The structural importance of less abundant species in Prince William Sound food web

in Israel Journal of Ecology and Evolution
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Rarity of species is often considered to set priorities for biodiversity conservation. Less abundant species are expected to be at higher risk of extinction and make significant contribution to food web functioning. However, the relationship between species abundance and position in food webs is still unclear. Here we tested possible correlations between species abundance and structural position in Prince William Sound food web. Species abundance was inferred from biomass data and structural position was characterized by 13 centrality indices.

We found that less abundant species have higher trophic positions and display more generalist feeding strategies. However, positive correlations link most of the centrality indices to population size. Thus, being locally rare translates into more peripheral food web positions and implies marginal roles in the spread of indirect effects. Species characterized by largest population size are responsible for the transfer of largest amounts of biomass and regulate the transmission of indirect effects. Less abundant species are of marginal structural importance and are exposed to impacts mediated by larger populations. In Prince William Sound ecosystem, rarity is associated with critical food web positions and does not simply reflect a marginal contribution to biodiversity.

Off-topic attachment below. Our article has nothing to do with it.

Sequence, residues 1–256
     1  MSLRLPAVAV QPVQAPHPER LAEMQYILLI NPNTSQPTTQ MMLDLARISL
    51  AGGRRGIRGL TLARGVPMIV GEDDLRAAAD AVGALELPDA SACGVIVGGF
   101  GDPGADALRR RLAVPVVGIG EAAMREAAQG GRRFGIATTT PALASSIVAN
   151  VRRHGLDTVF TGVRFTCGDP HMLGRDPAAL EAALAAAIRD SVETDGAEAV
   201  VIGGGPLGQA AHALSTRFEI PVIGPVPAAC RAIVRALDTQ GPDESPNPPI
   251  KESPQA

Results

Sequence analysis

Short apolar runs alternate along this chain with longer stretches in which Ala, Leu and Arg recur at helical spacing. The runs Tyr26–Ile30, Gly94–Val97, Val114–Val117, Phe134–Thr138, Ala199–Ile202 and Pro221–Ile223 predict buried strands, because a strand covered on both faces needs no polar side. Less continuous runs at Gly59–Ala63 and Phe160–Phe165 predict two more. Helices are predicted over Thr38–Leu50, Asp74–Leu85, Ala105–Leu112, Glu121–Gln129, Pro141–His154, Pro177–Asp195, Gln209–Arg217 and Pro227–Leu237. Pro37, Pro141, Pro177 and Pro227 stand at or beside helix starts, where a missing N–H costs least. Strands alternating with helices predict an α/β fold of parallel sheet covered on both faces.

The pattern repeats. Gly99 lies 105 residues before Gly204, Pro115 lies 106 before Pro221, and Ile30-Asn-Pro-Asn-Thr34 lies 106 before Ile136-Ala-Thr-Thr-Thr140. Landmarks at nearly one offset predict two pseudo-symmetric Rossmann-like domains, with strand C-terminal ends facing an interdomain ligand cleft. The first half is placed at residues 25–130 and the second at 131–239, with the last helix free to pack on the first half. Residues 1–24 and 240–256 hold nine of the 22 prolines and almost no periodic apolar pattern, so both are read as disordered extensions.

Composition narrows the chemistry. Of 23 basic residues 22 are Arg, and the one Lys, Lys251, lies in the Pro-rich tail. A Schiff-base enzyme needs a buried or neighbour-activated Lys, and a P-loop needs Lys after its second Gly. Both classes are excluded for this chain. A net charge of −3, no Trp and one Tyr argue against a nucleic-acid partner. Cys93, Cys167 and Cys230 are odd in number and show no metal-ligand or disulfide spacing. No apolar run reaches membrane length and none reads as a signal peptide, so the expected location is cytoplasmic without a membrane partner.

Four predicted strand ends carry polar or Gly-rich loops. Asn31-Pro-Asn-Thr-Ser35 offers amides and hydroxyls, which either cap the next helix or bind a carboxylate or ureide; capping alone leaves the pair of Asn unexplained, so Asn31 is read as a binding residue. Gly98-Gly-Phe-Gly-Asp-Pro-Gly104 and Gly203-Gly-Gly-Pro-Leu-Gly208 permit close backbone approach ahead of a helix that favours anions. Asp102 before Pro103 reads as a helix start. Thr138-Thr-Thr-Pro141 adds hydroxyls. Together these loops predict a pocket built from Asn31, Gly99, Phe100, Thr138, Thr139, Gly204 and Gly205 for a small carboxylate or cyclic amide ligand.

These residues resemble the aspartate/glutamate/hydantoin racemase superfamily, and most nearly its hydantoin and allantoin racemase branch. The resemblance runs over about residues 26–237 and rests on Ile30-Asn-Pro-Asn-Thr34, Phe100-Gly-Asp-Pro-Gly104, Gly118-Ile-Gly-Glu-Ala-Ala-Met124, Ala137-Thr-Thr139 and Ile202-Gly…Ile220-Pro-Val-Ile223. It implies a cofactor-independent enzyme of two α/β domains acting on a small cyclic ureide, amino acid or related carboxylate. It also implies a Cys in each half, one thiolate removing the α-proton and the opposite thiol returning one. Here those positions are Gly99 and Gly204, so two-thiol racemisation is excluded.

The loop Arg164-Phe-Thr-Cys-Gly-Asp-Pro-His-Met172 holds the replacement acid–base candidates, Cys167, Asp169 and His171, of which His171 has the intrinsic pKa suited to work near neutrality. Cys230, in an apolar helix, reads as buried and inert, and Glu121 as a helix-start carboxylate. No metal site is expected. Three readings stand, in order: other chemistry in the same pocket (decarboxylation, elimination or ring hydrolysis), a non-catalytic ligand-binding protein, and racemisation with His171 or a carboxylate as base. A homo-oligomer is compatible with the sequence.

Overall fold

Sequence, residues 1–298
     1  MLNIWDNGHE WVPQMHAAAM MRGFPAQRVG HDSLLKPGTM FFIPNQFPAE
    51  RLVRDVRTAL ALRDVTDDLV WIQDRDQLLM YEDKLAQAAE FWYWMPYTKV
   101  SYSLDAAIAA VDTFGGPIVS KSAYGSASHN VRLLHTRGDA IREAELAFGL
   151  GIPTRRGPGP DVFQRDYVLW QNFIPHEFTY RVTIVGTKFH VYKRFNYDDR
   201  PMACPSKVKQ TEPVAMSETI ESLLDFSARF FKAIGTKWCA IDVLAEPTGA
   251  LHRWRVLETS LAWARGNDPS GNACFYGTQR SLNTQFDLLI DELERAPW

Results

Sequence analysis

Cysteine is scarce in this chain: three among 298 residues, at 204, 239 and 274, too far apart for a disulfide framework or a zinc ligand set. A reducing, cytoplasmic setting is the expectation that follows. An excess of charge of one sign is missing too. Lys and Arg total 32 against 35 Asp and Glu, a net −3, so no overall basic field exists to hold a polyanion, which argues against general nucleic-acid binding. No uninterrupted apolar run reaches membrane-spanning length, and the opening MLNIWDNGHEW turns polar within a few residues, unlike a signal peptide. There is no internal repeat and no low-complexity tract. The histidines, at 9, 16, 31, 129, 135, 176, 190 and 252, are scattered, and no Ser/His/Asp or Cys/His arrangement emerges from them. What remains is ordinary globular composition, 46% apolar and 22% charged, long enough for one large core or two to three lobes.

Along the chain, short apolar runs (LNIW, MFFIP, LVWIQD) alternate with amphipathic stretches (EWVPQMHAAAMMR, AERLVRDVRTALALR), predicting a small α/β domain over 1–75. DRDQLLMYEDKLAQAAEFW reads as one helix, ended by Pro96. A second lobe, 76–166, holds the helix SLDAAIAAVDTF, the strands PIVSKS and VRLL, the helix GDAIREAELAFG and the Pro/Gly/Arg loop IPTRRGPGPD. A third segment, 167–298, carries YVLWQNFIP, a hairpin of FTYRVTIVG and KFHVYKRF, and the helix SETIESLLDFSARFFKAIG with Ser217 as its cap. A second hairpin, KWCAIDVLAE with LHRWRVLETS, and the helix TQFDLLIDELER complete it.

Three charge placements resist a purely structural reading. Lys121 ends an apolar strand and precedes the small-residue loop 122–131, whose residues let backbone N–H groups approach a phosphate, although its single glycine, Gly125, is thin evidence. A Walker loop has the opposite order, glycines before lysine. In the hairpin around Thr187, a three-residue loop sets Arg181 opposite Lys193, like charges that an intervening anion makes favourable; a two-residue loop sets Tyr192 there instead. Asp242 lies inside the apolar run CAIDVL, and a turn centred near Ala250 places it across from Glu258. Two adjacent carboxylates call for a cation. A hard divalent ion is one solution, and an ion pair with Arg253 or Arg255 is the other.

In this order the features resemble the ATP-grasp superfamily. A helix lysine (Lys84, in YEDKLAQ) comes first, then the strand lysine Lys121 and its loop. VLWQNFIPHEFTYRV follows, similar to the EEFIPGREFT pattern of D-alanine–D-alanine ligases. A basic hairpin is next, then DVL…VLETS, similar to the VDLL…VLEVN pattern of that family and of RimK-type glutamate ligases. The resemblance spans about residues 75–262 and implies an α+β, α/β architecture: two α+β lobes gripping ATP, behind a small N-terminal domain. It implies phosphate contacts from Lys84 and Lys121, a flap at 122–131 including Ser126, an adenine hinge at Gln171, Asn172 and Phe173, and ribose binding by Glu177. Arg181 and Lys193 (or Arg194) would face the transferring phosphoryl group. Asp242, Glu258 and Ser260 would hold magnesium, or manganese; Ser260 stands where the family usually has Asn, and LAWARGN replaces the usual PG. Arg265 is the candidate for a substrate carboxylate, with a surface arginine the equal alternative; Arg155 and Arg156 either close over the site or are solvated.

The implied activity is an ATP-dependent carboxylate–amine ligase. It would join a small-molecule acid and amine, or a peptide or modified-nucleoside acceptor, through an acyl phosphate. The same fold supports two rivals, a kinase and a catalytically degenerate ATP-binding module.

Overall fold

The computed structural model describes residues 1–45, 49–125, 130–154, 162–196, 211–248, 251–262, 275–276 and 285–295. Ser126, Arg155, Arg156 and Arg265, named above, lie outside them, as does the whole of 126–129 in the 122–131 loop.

We suggest that knowing the food web position of rare species might help to formulate more effective, system-level solutions for their conservation, rather than simply focusing on the direct treatment of symptoms.

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